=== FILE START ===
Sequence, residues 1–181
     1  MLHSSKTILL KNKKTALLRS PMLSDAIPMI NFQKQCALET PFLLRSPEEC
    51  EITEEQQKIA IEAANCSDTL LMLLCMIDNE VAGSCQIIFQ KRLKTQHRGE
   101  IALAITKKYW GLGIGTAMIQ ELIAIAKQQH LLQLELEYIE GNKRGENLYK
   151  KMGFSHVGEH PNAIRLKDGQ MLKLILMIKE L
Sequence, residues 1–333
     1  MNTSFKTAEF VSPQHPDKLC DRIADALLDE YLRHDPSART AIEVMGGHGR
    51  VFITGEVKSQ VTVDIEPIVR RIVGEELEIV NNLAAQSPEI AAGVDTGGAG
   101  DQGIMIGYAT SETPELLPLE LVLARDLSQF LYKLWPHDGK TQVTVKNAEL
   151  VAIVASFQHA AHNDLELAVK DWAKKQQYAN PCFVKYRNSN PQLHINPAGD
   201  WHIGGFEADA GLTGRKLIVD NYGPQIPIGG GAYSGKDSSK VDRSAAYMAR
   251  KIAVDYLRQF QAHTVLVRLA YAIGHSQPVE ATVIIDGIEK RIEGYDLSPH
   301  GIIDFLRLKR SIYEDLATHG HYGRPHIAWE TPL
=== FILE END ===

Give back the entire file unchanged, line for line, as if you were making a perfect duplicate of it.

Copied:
Sequence, residues 1–181
     1  MLHSSKTILL KNKKTALLRS PMLSDAIPMI NFQKQCALET PFLLRSPEEC
    51  EITEEQQKIA IEAANCSDTL LMLLCMIDNE VAGSCQIIFQ KRLKTQHRGE
   101  IALAITKKYW GLGIGTAMIQ ELIAIAKQQH LLQLELEYIE GNKRGENLYK
   151  KMGFSHVGEH PNAIRLKDGQ MLKLILMIKE L
Sequence, residues 1–333
     1  MNTSFKTAEF VSPQHPDKLC DRIADALLDE YLRHDPSART AIEVMGGHGR
    51  VFITGEVKSQ VTVDIEPIVR RIVGEELEIV NNLAAQSPEI AAGVDTGGAG
   101  DQGIMIGYAT SETPELLPLE LVLARDLSQF LYKLWPHDGK TQVTVKNAEL
   151  VAIVASFQHA AHNDLELAVK DWAKKQQYAN PCFVKYRNSN PQLHINPAGD
   201  WHIGGFEADA GLTGRKLIVD NYGPQIPIGG GAYSGKDSSK VDRSAAYMAR
   251  KIAVDYLRQF QAHTVLVRLA YAIGHSQPVE ATVIIDGIEK RIEGYDLSPH
   301  GIIDFLRLKR SIYEDLATHG HYGRPHIAWE TPL